Who’s going to be judging this year’s Guardian Public Service Awards?
As in previous years, we have assembled a panel from the Guardian’s own team of editors and journalists, together with experts from the field of public service, including those with in-depth knowledge of local and central government, as well as services delivered by private and not-for-profit organisations.
Jane Dudman – editor, Guardian Public Leaders Network
Jane Dudman is editor of the Public Leaders Network, the Guardian’s online section on policy and leadership in public service.
A Guardian journalist for more than 10 years, she also edits the Guardian’s Housing and Voluntary Sector Networks.
Polly Toynbee – Guardian columnist
Polly Toynbee is a columnist for the Guardian. She was formerly BBC social affairs editor. She is vice president of the British Humanist Association and chair of the Brighton Festival.
Her latest book, with David Walker, is Dismembered – how the attack on the state harms us all.
David Brindle, public services editor, the Guardian
David Brindle is the Guardian’s public services editor. He has been with the Guardian since 1988, first as social services correspondent and then as editor of Society Guardian.
He has won awards for his coverage of social services, mental health, nursing and disability issues. He is chair of social inclusion charity NDTi and vice chair of the Recovery Focus Group of charities. He served for nine years on the board of Housing 21, a housing and care provider for older people.
Patrick Butler, head of society, health and education, the Guardian
Patrick Butler is the Guardian’s head of society, health and education, overseeing editorial coverage in those areas across the Guardian, Guardian Unlimited and the Observer.
Previously editor of Society Guardian, the Guardian’s weekly social affairs supplement, Patrick has been a journalist for more than 20 years, for much of that time writing and reporting on health and social affairs.
Alison Benjamin, editor, Society Guardian
Alison Benjamin is the editor of the Guardian’s Society pages and assistant editor on Opinion. She has been a journalist at the Guardian for more than 15 years and specialises in social affairs and comment.
She is also the co-author of two best-selling books about bees: A World Without Bees, Bees in the City: an urban beekeepers’ handbook and Keeping Bees and Making Honey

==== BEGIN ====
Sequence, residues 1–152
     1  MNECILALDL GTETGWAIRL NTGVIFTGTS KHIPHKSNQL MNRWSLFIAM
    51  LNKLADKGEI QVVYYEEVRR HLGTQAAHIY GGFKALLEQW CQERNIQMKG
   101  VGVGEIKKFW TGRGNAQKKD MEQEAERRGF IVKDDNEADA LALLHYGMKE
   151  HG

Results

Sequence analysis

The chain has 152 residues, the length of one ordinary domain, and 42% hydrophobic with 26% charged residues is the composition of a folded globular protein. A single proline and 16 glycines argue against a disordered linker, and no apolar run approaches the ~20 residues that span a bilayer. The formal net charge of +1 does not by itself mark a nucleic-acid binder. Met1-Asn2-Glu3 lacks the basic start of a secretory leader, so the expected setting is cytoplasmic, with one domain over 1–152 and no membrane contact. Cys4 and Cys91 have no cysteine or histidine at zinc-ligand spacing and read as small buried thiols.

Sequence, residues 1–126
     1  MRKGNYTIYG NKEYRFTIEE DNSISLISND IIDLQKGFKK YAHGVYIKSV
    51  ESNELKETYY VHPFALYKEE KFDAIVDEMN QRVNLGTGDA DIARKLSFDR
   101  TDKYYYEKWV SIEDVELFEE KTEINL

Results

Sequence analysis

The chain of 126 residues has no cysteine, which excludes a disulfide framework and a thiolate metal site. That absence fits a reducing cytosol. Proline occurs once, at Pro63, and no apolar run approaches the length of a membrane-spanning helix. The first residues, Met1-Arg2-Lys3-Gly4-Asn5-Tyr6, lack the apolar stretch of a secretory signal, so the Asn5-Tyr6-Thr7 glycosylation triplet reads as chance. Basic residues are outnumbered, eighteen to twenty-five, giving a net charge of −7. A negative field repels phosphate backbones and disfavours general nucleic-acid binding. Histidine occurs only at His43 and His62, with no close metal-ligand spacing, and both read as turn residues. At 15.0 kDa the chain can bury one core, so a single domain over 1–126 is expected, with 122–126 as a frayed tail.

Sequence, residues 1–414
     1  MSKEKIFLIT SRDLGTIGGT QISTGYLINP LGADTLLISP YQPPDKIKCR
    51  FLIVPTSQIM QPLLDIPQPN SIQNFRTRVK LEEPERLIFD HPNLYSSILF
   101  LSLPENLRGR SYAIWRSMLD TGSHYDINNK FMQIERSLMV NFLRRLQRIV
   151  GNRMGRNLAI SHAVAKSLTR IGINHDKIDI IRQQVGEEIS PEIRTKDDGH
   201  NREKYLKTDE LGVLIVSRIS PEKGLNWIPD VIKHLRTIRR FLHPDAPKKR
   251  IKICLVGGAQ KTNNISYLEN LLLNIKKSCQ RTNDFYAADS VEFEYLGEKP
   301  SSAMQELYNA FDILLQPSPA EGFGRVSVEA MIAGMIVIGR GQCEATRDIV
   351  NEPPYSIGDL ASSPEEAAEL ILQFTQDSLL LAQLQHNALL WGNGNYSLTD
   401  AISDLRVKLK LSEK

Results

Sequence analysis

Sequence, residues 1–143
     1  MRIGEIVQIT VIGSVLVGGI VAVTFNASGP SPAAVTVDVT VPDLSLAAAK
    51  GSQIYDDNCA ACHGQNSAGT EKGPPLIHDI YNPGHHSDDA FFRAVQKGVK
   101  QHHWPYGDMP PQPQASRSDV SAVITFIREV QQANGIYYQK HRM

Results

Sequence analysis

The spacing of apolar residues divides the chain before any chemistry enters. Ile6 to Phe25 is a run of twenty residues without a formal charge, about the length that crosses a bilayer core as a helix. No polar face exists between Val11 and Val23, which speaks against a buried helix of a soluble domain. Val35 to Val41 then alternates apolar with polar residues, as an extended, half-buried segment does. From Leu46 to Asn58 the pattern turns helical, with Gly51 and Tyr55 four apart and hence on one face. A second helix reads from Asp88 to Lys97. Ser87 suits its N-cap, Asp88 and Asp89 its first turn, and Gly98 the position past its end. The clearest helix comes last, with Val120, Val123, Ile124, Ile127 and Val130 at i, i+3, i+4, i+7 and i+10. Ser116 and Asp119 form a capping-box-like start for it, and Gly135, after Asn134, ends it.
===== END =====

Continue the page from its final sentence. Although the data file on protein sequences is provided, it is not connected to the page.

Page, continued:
Clare Horton, editor, Health and Social Care Networks
Clare Horton edits the Guardian’s networks for health and social care professionals, which offer community comment and insight for staff working in those sectors and which between them have more than 75,000 members.
She was formerly the editor of the SocietyGuardian website and before that was news editor of the Big Issue in the North.
Clare Allan, writer, author and lecturer
Clare Allan is a writer, and author of the novel Poppy Shakespeare. She lectures in Creative Writing at City University London.
A user of mental health services, she has been writing a column for the Guardian on matters relating to mental health for the past ten years.
Aisling Duffy, chief executive – Certitude
Aisling Duffy is chief executive of Certitude, a not for profit organisation providing a range of person centred support options for 1,600 people with learning disabilities and mental health needs in London. Previously chief executive of Southside Partnership, she led the merger of it with Support for Living to form Certitude in 2010.
Aisling started her career in psychology and has spent the past 20+ years working within not for profit organisations, seeking to improve life opportunities for people with learning disabilities and people with mental health needs. Born in Ireland, Aisling has lived and worked in London for 25 years. She tweets at @AislingDuff.
Anthony Douglas CBE, chief executive of Cafcass
Since 2004, Anthony Douglas has been chief executive of Cafcass, the national agency charged with articulating the voice of the child in family courts throughout England. Cafcass employs the most number of social workers of any UK organisation, responsible for 120,000 children annually.
He was an economist and a journalist prior to becoming a social worker and has written 4 books on UK social care and now a fifth on ‘Resilience in transitions’. He is a visiting fellow of the Universities of East Anglia and Plymouth and is a member of the Family Justice Board and the Adoption Leadership Board.
Terry McDougall, group director of Solace
Terry McDougall was formerly assistant chief executive, human resources with the London Borough of Hackney until 2006 where she led on a number of strategic leadership projects. Terry has extensive experience of recruiting at senior management level, is a fellow of the CIPD and works closely with the directors of HR through PPMA.
She has worked in the field for over forty years, and led on assignments in a diverse range of authorities. At Solace, Terry has developed a very personal approach to head hunting and the recruitment process. She seeks to ensure candidates are well informed and prepared for the recruitment process. She is passionate about the Public sector and strives to ensure there is a pipe line of talented candidates ready and skilled for the future challenges and opportunities